State Accountability on Presentation of Juvenile Delinquency In Uganda

State Accountability on Presentation of Juvenile Delinquency In Uganda

State Accountability on Presentation of Juvenile Delinquency In Uganda

By Dr. Anil Nepali,

Global Ambassador of PLATFORM for the NEEDY

Delinquent and criminal behavior among young people as they transit from childhood to adulthood in an increasing trend. It is widely recognized that subjecting children to formal adult judicial proceedings can have negative effects on their well-being and future prospects, therefore implementation of child-friendly justice services is crucial to protect the rights of children in conflict of law. In Uganda, the justice system has been struggling with the issue of how to effectively address offenses committed by children.

Uganda’s law proposed Children’s Statute bill proposes to unify the definition of a child as someone less than 18 years old in order to solve these issues and ensure that kids have consistent legal rights and protections. According to Uganda’s Children Act of 1997, which governs issues relating to children’s rights and welfare, a child under the age of 12 is deemed incapable of committing a crime and is not consequently subject to criminal liability. However, children between the ages of 12 and 18 are capable of committing crimes and can be held accountable for their deeds. The legislation encourages the employment of diversionary measures and restorative justice procedures when a child between the ages of 12 and 18 is charged with a crime with the intention of rehabilitating and reintegrating them back into society. As per Justice, Law, and Order Sector Annual Report 2017/18, the national diversion rate in Uganda is 76.3 percent.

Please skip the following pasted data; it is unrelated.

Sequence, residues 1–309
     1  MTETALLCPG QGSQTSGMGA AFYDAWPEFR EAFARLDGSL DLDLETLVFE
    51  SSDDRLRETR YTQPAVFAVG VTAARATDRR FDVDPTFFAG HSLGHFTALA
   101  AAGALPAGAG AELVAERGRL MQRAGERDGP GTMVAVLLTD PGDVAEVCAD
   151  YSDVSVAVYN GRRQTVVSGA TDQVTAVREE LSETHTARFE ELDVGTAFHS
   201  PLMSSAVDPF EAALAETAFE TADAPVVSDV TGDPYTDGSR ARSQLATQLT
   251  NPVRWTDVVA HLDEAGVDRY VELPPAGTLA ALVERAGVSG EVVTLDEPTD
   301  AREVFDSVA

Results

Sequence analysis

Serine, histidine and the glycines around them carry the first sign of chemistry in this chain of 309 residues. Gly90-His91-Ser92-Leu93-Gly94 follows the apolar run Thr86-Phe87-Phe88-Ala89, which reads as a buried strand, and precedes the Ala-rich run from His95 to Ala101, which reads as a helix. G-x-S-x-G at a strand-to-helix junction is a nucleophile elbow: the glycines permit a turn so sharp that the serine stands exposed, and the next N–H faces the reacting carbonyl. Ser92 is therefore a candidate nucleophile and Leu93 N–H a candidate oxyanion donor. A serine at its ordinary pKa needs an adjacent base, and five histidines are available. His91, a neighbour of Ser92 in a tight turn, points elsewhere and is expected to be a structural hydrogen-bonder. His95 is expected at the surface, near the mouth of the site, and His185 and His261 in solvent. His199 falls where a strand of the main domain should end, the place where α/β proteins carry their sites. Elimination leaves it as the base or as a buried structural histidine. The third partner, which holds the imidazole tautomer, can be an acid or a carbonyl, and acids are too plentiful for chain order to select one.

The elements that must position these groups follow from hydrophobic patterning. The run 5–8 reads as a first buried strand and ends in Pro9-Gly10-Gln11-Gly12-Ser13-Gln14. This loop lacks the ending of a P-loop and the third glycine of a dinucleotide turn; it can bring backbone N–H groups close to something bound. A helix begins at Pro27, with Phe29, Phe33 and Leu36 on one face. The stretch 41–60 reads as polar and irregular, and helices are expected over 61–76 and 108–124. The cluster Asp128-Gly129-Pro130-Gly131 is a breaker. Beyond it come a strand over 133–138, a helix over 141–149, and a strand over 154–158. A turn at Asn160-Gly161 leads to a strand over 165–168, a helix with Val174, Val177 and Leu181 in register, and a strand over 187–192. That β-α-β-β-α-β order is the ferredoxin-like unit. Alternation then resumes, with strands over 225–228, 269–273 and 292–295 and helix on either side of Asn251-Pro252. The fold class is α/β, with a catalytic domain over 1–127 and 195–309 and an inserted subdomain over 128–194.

In 1990, Uganda formally ratified the UN Convention on the Rights of the Child, pledging its dedication to prioritizing the well-being and development of children. As part of this commitment, the Justice, Law and Order Sector, with support of UNICEF, is presently executing the Justice for Children (J4C) Programme. The primary objective of this program is to enhance the sector’s capabilities to effectively address the specific requirements of children within the justice system. A significant step towards reform has been taken with the launch of Diversion Guidelines by the Uganda Police Force and UNICEF. The new Diversion Guidelines are a significant milestone for child rights in Uganda. They reflect the current legal framework, including the Children (Amendment) Act 2016, the UN Convention on the Rights of the Child, and the African Charter on the Rights and Welfare of the Child.

.Uganda requires multi-disciplinary approach involving various stake holders. Uganda needs programs to better educate judges, prosecutors, and law enforcement officials about children’s rights and the use of restorative justice procedures and to launch the public awareness program about juvenile delinquency, its causes, and the value of rehabilitation and reintegration. In addition, Uganda needs to establish a system for regular monitoring and evaluation of the juvenile justice system and review and update existing laws and policies related to juvenile justice as per United Nations Convention on the Rights of the Child’s standards


  5. Uganda National child policy 2020.



HELP US DONATE TODAY: Click here to donate

Leave a Comment

Your email address will not be published.